Upon Further Review
Masters 2023: Jordan Spieth comes up just short (again), blames 'too much golf' for mental errors
AUGUSTA, Ga. — Jordan Spieth did that thing he does on Sunday at Augusta National. He literally always does it. He could be 12 shots back, in the first group off, and he'd still find a way to get into the mix by the time he reaches the 16th tee. He's never not made his presence felt in a final round.
Well, except for last year, when Spieth, the 2015 champion here, missed the cut for the first time in his Masters career. It was such a foreign concept to him that he decided to play golf that Sunday in Hilton Head because he couldn't bear to watch the final round.
Spieth will be back in Hilton Head this coming week to defend his title at Harbour Town. It will be his ninth event in the last 11 weeks, Spieth testing the theory that there is no such thing as too much golf. Following his final-round 66, which featured a brutal bogey at the last that all but ended his chances, he couldn't help but wonder if there was.
"I think I played way too much golf into this," Spieth said. "I came in mentally fatigued, and you overwork this week every year. I played way too much golf in the last—I mean, this is eight out of ten weeks. So I need to change my schedule up going forward to be a little sharper this week. I think that has a lot to do with it."
Convenient excuse, or a legitimate factor? It's hard not to lean with the latter when you recall a few of the head-scratching decisions Spieth made earlier this week. Two that quickly jump to mind:
1.) in his first round on Thursday, Spieth, three under at the time, went for the green in two at the par-5 13th from the pine straw right of the fairway, taking an aggressive line at the pin. He fanned the shot badly, his ball finding Rae's Creek and leading to a double.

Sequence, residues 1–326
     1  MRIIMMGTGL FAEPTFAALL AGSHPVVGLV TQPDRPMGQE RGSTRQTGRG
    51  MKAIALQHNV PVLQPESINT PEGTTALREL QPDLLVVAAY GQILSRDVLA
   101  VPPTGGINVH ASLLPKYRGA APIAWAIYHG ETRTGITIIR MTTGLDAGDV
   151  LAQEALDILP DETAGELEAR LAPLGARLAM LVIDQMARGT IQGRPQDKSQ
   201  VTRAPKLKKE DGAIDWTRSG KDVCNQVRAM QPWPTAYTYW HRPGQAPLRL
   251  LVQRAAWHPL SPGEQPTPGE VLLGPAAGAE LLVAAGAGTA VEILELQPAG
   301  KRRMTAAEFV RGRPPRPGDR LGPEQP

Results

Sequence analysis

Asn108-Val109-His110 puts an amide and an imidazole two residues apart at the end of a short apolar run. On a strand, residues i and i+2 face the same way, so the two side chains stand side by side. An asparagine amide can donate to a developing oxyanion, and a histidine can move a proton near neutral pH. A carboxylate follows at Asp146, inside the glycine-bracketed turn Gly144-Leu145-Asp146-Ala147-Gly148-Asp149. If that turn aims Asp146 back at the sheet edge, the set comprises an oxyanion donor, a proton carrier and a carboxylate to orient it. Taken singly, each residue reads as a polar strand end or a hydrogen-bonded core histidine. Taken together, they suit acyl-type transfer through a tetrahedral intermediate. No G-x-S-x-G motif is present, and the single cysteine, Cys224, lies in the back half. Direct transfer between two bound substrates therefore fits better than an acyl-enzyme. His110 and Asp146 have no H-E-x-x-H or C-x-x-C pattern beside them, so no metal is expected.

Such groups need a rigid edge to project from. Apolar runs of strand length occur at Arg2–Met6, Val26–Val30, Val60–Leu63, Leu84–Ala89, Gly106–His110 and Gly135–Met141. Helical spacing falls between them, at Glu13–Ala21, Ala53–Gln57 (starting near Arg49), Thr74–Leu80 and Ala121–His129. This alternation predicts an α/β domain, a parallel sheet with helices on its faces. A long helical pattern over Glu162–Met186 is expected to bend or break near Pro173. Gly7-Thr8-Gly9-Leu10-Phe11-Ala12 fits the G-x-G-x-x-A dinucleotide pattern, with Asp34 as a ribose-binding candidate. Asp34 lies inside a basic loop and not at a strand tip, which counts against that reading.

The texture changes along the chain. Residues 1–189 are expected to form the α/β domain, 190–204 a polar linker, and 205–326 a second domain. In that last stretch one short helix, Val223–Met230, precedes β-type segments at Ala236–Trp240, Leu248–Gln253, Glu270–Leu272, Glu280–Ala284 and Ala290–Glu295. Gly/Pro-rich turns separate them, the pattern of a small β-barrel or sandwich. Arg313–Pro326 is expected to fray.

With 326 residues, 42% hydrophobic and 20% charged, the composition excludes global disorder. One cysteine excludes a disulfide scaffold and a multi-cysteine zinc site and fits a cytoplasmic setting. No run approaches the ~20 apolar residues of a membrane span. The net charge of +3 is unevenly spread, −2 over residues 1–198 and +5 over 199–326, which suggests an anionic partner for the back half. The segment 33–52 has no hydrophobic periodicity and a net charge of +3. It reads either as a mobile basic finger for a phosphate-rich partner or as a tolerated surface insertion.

2.) During Saturday's cold and wet third round, Spieth blocked a drive into the woods at the par-5 fifth. Rather than take an unplayable, he attempted to hack it out and needed two tries to do so, leading to his second double bogey of the week.
Some quick math—those four dropped shots, plus another dropped shot at the 72nd thanks to a toe-hooked tee shot right when he got back in the thick of it, wound up being the difference between he and eventual winner Jon Rahm's 12-under total.
"I just feel I got a little bit lazy in picking targets," he said. "I probably only had a target 50 percent of the shots this week, and I like to have them 100 percent of the time. I kind of was trying to remind myself, but there was a few swings Thursday and Friday where I could have really taken it quite a bit deeper and left a few out there."
Honest to a fault, Spieth admitted he hadn't realized just how much all the golf had gotten to him until this week.
"I started to kind of realize it I would say this week, a little bit in match play," Spieth said. "It was more than I've ever really played in that stretch.
"No regrets. I didn't know. But I would attest some of my decision-making just to a level of focus that I wish I had a little bit more of. If I'm trying to pinpoint it, it seems like I don't remember the last time I tried to peak on my eighth out of ten weeks in a row. I don't remember ever having that."
Spieth's focus will be tested again in just four days, when he'll look to go back-to-back at the RBC Heritage, his most recent tour victory. Being that he's the defending champ, and the fact that it's an elevated event, he doesn't have much choice.
He's looking forward to the new-and-improved schedule next year, to say the least.
"This is a year that's a bridge year for us on the PGA Tour," he said. "So I want to keep playing the elevated events as well as the other events that I really love to play. So I knew that was going to happen this year, but it should be decided for me in the future, which would be a good thing."